Code Access Security (CAS) is the .NET Common Language Runtime (CLR) mechanism for maintaining security based on the identity of code.

Most developers don't have to work with CAS on a daily basis because the .NET Framework libraries take care of much of the work involved in securing code. However, when you do need to work with CAS, having a good understanding of CAS policy management is essential. Waiting until the eleventh hour in the project lifecycle and realizing that you need to configure security policy is painful. For example, if you have a Smart Client application that runs over Internet Explorer, you will need to consider what permissions your application requires and how you are going to configure policy so that your code will run on a client machine. Or, suppose that your application defined a custom permission for a scenario not already covered by the permissions that ship with .NET. Here again you need to understand CAS policy. This article discusses the essential elements of CAS (evidence, permissions, and policy), shows how .NET CAS policy works, and explains reasons for making various policy decisions.

CAS and the Elements of Policy

CAS security is based on the identity of managed code. The need for CAS arose out of the constant execution and threat of malicious code on the Internet. A quick look at what has been done up to now in the way of security can help set perspective on the value of CAS.

Previous efforts to stem the tide of malicious code were not enough. There was, and still is, role-based security that maintains security based on the identity of the person that is running the code. Role-based security was, and still is, an important element in system protection. But in this day and age it is not enough.

Certificates and sandboxes for ActiveX controls, applets, and script were the first widespread commercial means to apply security measures to code. Initially these efforts simply prevented code from running until the user gave the code permission. However, these security implementations either gave code all permissions or none, thereby preventing it from running; there wasn't a middle ground that gave users a choice. In the case of ActiveX controls, non-technical users had to choose whether or not to let unknown code run on their system, exposing a dangerous situation for someone to make an uninformed mistake and allow malicious code to execute. All-or-nothing and on-demand security have their place but they are not enough.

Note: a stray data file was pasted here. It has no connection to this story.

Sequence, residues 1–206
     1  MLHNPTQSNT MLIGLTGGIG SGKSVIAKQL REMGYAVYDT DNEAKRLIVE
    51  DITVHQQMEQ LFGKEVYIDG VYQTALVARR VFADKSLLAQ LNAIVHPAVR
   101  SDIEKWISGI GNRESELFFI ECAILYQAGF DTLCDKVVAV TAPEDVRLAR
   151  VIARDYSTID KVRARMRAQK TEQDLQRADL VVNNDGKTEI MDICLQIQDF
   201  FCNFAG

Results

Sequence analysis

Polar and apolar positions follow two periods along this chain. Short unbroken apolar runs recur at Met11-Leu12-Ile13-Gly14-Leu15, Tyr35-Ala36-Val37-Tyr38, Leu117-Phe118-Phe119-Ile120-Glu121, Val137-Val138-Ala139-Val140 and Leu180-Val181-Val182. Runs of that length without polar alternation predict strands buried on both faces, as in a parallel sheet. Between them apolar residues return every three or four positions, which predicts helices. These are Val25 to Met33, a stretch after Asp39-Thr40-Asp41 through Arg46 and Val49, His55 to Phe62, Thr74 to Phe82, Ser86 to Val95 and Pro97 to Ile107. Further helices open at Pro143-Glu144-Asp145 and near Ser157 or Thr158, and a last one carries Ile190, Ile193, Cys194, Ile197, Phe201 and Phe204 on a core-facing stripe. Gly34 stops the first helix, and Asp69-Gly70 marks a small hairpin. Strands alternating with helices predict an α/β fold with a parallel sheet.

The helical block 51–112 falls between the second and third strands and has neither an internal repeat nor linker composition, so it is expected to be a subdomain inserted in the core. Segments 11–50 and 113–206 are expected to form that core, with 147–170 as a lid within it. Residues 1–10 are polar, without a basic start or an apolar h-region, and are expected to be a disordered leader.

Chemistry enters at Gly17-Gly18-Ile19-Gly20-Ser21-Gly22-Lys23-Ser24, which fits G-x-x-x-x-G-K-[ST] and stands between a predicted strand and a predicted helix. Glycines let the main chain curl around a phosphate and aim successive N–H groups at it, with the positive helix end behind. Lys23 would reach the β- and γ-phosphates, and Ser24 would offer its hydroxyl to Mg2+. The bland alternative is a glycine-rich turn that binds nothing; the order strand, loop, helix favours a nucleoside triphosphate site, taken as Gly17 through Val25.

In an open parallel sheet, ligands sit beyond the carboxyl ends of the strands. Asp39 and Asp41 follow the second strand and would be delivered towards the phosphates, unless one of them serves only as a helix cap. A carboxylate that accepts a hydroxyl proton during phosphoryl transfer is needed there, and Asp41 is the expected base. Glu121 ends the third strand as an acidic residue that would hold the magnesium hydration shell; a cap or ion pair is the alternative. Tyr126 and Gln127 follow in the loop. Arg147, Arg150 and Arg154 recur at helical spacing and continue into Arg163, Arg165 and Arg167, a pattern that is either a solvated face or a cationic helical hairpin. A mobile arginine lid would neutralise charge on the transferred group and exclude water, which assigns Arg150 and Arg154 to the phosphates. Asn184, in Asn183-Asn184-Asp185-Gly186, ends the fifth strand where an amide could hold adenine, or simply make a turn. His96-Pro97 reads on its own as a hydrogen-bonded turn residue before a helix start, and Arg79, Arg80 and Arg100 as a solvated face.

Internet Explorer improved upon some code security by introducing zones that allowed code to receive a certain amount of trust based on where it was launched from. This good idea is now part of the present CAS strategy. However, CAS takes this idea and goes further.

In CAS, code contains evidence that identifies its origin. The evidence could be a zone, publisher, or one of several other types of evidence. CAS policy evaluates the evidence and resolves/assigns permissions that a piece of code is allowed to have. .NET supports many permission types, giving you a fine level of granularity in choosing what code can do. Additionally, you can configure CAS policy on multiple levels, letting you explicitly plan and specify a policy that keeps your system secure and allows only necessary code to run to let you get your work done.